As a grandmother, I’ve learned a few tricks for putting kids to bed. I would like to impart some of my knowledge, so that my mistakes can help others who are just starting out.

Here are a few methods that are, well, perhaps not so helpful.

1. The Drive-Around-in-the-Car-Until-They-Fall-Asleep Method

This method has a number of advantages. They all go to sleep at the same time. No time-consuming stories before bedtime. No hundreds of requests for drinks of water.

The disadvantages, however, include excess use of gas, the older children will begin to think it’s a family excursion and may wake up or never fall asleep. At age 16 or so, they may even request the keys, and then you will fall asleep as they drive around (maybe that’s an advantage).

2. The Ignore Method

You did your duty. You fed them, bathed them, read them a story, read them a story twice, read them a story again and gave them 100 drinks of water. It’s just not your problem now. Ignore them! You can now rest (try), read (ditto) or clean up after them.

An obvious disadvantage: You might go crazy.

3. Threaten

4. Bribe

5. Beg

The disadvantages of the above three are obvious ...

The Torah commands us to venishmartem meod lanafshotechem—“to take great care with our health.”1 A large part of children’s health has to do with them getting enough sleep. When none of the above methods work, you may want to try different tricks, especially when there are a few children of different ages.

Here are my tried-and-true tips for “Putting Kids to Bed and Keeping Them There” (seriously).

1. Create a routine.

Kids feel secure when they see the same thing every day: bath, story, drink of water. Repeat every day.

In Judaism, the importance of routine cannot be overstated. We pray three times a day. We say blessings before and after eating food. It is customary to have a set place to pray every day to help us concentrate better. Shabbat looks pretty much the same every week: three meals; we make kiddush at the first two meals; prayers in the synagogue. We do all of these over and over until it becomes part of us—and then we do it some more. Routine is very important in a Jew’s life.

2. Divide and conquer.

Deal with one age-group at a time. Start with the first- and second-graders. They really need at least nine hours of sleep. If you have a few children similar ages, try to give baths together until they are too old for that. Then story time together. However, you may want to separate them if they don't fall asleep easily. They might keep each other awake. You can move one of them back to their bedroom as soon as they fall asleep.

(Again, getting enough sleep is a mitzvah—for the parent as well!)

3. Try to get some help or plan ahead.

If you have a baby or toddler, see if you can hire a mother’s helper to help you with the baby while you are putting the older ones to sleep. Plan ahead and feed the baby before the bedtime routine starts. The baby doesn’t need your attention at those crucial moments. You’ll attend to his or her needs afterwards, as long as he or she has eaten. If necessary, have the helper feed/change/play with the baby while you’re with the others.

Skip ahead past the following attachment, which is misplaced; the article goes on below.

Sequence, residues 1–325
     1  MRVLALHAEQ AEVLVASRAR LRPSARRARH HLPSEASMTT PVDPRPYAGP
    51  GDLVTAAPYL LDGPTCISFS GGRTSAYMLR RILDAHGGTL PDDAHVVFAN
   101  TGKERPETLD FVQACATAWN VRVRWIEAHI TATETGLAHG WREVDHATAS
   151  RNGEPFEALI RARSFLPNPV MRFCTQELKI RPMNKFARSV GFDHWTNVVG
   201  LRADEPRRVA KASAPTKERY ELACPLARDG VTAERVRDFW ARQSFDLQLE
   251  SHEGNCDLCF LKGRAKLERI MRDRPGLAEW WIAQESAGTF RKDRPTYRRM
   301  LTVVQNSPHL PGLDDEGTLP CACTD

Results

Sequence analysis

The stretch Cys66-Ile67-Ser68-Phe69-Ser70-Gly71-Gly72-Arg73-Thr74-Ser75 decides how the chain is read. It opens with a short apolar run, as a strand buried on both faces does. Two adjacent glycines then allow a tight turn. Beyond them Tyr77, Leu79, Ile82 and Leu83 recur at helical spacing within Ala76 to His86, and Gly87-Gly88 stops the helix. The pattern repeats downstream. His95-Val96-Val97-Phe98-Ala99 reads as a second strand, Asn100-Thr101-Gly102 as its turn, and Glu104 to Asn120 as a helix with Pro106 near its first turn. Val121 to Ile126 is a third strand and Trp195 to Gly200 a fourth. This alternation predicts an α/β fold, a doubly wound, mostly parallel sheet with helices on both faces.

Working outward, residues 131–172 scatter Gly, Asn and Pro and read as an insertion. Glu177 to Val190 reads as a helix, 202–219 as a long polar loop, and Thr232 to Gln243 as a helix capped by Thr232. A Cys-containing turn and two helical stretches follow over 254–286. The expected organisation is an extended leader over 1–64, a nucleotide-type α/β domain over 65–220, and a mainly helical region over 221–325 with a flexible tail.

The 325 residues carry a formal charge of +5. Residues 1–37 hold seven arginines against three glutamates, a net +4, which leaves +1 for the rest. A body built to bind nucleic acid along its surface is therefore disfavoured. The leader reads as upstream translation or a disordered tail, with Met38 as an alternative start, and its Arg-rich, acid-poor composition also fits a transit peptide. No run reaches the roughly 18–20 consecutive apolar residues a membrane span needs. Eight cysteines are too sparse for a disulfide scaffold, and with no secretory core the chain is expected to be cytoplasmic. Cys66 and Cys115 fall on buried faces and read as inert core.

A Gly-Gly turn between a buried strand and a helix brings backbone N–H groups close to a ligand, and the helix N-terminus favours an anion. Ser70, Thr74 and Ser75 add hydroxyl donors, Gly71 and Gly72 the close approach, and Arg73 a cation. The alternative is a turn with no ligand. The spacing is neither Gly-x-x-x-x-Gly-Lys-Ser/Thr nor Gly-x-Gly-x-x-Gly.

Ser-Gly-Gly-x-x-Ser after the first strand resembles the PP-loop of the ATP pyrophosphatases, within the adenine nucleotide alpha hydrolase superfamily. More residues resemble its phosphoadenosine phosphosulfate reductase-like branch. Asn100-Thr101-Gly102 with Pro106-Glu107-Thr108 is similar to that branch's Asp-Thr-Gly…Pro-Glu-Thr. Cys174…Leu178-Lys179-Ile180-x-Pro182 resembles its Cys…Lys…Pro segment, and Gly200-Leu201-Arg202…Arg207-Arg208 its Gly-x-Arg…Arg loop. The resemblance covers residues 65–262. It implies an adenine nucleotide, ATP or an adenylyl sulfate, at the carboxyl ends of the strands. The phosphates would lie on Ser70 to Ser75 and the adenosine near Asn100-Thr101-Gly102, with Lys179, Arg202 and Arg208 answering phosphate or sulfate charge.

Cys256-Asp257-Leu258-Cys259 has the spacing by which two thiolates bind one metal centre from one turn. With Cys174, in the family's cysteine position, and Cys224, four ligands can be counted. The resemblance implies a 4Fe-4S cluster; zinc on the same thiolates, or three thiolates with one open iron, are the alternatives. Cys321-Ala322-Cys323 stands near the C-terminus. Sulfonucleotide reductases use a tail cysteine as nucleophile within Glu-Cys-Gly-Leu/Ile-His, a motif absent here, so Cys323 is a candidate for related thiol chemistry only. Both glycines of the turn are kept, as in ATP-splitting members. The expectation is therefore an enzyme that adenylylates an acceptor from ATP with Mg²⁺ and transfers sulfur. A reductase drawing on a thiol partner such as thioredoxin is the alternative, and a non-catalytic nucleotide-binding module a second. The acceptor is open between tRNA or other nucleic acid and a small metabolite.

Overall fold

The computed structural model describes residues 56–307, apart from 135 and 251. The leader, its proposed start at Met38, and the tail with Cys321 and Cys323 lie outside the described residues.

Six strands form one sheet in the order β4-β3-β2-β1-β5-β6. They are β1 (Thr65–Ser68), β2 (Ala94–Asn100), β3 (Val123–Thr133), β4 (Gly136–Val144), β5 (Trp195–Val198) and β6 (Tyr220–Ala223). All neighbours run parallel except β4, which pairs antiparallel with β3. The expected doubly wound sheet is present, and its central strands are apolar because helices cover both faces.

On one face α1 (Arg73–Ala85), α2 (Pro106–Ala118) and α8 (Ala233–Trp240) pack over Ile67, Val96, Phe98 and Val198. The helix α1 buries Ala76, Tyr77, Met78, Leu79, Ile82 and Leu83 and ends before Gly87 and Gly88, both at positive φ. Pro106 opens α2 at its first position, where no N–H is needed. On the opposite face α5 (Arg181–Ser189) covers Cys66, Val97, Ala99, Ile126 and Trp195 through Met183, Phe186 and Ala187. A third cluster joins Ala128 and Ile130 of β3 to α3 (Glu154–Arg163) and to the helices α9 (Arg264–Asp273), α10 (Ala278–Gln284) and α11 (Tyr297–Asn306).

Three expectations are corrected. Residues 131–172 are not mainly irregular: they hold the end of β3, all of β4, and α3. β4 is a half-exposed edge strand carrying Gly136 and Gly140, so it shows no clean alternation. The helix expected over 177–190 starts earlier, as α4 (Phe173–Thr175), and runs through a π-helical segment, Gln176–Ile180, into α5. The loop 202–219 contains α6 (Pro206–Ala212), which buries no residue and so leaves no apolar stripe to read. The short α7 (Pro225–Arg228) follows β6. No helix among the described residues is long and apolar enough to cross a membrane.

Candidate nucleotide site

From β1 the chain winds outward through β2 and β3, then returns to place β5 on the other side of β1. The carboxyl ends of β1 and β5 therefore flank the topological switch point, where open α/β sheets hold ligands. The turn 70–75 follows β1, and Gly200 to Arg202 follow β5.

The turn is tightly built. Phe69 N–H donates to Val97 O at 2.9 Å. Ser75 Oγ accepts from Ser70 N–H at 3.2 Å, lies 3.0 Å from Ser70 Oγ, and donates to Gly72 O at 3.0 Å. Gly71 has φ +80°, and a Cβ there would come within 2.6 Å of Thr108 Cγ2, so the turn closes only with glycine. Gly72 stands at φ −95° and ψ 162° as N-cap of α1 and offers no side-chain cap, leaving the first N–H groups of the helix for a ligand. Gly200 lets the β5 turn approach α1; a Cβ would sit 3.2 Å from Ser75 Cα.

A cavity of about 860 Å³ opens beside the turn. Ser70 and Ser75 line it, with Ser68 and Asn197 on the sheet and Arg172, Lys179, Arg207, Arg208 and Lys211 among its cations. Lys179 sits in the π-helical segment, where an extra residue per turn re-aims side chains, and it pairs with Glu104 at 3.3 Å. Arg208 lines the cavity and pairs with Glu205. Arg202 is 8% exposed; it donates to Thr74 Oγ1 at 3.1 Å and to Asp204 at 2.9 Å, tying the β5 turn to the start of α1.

4. Be consistent.

If a child comes out of bed, insist that the child go back to bed. You may need to physically pick them up and put them back in bed. After you have done this for three or four nights, the child will learn that you mean business. Reward them with a prize for staying in bed when they eventually stay without coming out. (I don’t mean to buy them a bicycle, but maybe something small from the dollar store.)

The key is to be consistent. Don’t give up in the middle! If you let them come out to play, you will teach them that you’re not serious about bedtime.

Consistency in parenting is very important. When a child clearly understands where the boundaries are, he can grow into a more disciplined person.

5. Be kind, but determined.

We all want our children to have fond memories of bedtime, so you want to talk to them in a kind, soft-spoken manner. When a parent puts their children to bed, they should be mindful that these are the last words a child hears before going to sleep. Those words stick.

Make sure you aren’t overwrought so that your mood isn’t negatively affected. Have a snack or eat dinner before you begin the evening routine. Take a short nap, if possible, during the day. But at the same time, you can be strict in the sense of determined and unwavering.

Our sages tell us, “The right hand brings close, while the left pushes away.”2 In other words, we should be loving (the right hand), but at times we need to seemingly “push” the child away. We don't really push him away, but at the moment, it may feel that way to the child. That’s called discipline. So, be pleasant but resolute.

I have observed a lot of successful household bedtimes since my children were young. The key seems to be practice. A successful bedtime should be a bonding time for children and parents. It needs to be early enough that the children are rested the next day and so that the parents have at least part of the evening to themselves after dedicating their day to their children.

In the Shema prayer—a fundamental prayer that we say every day—we are commanded to teach our children, “When you sit in your house and when you walk on the road, when you lie down to sleep and when you rise up.” Bedtime is a teaching moment—a time to model what a calm, kind but resolute person looks like.

Believe me, I know that it’s not easy sometimes, but the end goal is that our children have memories of a calm, warm, household … where rest is regular and valued.